There seems to be an agreement amongst those currently vying for the leadership that Labour needs to take up more of the middle ground. These White blokes have said that Labour needs to occupy that political space in order to win the votes of their peers, other White blokes. Around the Party I’ve also heard discussions about the socially conservative values of both Pacific communities and working class families. So perhaps there’s some merit to the White blokes appeal and approach that Shearer’s advocating? But Labour must also bring to the fore, a meaningful and culturally appropriate conversation about the role of Pasifika MPs and how they can be encouraged to seek the leadership. Moreover, Labour needs to actively encourage Pasifika MPs to put their names forward for the leadership contest.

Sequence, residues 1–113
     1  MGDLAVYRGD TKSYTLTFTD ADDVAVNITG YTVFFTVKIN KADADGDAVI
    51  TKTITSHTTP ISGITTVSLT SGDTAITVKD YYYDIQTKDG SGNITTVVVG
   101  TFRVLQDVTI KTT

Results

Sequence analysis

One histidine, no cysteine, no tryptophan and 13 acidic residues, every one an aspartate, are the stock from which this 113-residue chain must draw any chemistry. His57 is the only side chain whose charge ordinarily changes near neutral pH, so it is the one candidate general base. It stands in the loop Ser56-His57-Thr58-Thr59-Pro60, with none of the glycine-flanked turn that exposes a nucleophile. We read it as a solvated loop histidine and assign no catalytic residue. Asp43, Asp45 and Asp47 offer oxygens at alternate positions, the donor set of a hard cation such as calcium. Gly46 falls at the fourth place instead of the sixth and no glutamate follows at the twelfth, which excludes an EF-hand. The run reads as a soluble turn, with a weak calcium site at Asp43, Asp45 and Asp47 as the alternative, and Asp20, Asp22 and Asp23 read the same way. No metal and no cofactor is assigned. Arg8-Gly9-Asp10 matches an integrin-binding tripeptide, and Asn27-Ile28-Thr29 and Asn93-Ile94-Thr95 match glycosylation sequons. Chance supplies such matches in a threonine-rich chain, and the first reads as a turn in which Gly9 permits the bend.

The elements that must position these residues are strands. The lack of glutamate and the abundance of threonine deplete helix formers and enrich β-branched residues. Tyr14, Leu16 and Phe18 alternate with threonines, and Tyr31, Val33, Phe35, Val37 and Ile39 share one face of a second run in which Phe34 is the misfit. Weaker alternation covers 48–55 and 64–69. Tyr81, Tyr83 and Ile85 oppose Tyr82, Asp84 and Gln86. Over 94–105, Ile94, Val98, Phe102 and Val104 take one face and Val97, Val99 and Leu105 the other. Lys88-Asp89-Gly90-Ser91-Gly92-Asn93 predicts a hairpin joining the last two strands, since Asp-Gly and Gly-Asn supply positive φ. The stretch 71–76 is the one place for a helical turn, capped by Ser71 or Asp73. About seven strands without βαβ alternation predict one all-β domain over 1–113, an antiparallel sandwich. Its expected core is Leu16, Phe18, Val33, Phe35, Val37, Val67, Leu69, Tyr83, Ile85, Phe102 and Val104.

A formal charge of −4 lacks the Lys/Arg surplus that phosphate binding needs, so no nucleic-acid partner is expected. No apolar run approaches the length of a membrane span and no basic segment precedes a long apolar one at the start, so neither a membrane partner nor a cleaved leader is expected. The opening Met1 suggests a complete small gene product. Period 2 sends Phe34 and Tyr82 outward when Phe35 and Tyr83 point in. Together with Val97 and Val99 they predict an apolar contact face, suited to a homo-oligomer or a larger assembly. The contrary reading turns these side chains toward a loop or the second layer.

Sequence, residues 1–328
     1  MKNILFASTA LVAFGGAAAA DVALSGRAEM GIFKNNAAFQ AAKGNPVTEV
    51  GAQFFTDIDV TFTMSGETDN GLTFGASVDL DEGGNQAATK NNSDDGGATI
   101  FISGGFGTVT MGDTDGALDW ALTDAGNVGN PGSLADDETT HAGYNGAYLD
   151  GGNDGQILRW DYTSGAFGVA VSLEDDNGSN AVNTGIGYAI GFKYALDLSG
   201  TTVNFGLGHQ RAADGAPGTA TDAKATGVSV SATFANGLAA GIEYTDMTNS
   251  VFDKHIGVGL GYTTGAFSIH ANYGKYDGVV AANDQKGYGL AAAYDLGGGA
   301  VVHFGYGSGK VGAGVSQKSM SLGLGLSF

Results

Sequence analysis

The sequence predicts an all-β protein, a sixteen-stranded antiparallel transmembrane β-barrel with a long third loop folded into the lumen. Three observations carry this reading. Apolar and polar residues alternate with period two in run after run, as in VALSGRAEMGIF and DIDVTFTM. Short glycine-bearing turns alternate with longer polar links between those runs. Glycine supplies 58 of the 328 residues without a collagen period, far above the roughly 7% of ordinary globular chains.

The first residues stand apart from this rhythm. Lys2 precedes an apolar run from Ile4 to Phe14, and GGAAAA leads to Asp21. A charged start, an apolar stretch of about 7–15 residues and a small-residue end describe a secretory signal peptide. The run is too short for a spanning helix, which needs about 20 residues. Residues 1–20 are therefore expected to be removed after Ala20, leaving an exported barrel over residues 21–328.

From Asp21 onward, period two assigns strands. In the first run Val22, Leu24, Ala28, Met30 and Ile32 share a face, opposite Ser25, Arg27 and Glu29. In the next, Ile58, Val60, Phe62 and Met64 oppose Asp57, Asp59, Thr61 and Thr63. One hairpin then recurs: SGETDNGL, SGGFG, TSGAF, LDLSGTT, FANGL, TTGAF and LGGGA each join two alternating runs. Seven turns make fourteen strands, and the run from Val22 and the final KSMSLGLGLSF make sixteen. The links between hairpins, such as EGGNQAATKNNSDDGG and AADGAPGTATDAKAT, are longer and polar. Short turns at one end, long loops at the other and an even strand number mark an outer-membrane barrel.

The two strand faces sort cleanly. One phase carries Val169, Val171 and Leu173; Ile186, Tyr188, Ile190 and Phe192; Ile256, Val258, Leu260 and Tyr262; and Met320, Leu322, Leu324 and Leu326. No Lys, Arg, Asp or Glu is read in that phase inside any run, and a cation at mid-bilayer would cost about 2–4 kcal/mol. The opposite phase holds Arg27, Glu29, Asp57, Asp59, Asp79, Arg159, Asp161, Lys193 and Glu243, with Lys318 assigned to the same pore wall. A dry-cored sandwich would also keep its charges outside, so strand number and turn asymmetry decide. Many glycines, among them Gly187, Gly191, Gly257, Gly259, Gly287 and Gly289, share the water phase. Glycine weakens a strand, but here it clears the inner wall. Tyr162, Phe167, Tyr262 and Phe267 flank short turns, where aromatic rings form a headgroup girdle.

I’m fascinated by the ongoing dialogue amongst leadership hopefuls that the Party needs to avoid merely representing lobby groups, feminist interests and the unions. And up until this weekend, Shearer’s been the first to openly admit that we need to win back the middle votes of White blokes. Of further intrigue is that there may be 5 White blokes seeking the leadership of Labour, that could’ve been six had Nash contested. The one thing I admire about Labour’s rules in going thru a Party wide selection for the leader, is that it forces people out of the closet to state their leadership ambitions. But it disturbs me no end, that to date there hasnt been a single Maori or Pasifika MP signal a desire to enter the race. The bottom line is we cant just sit on the sidelines and wait for someone to extend an invitation to us. Its time for Pasifika to stand strong in the mandate of loyal Pasifika votes and put themselves forward for the leadership. Its also high time for the Party to actively encourage that level of participation – because in the end, surely thats what it means to be progressive?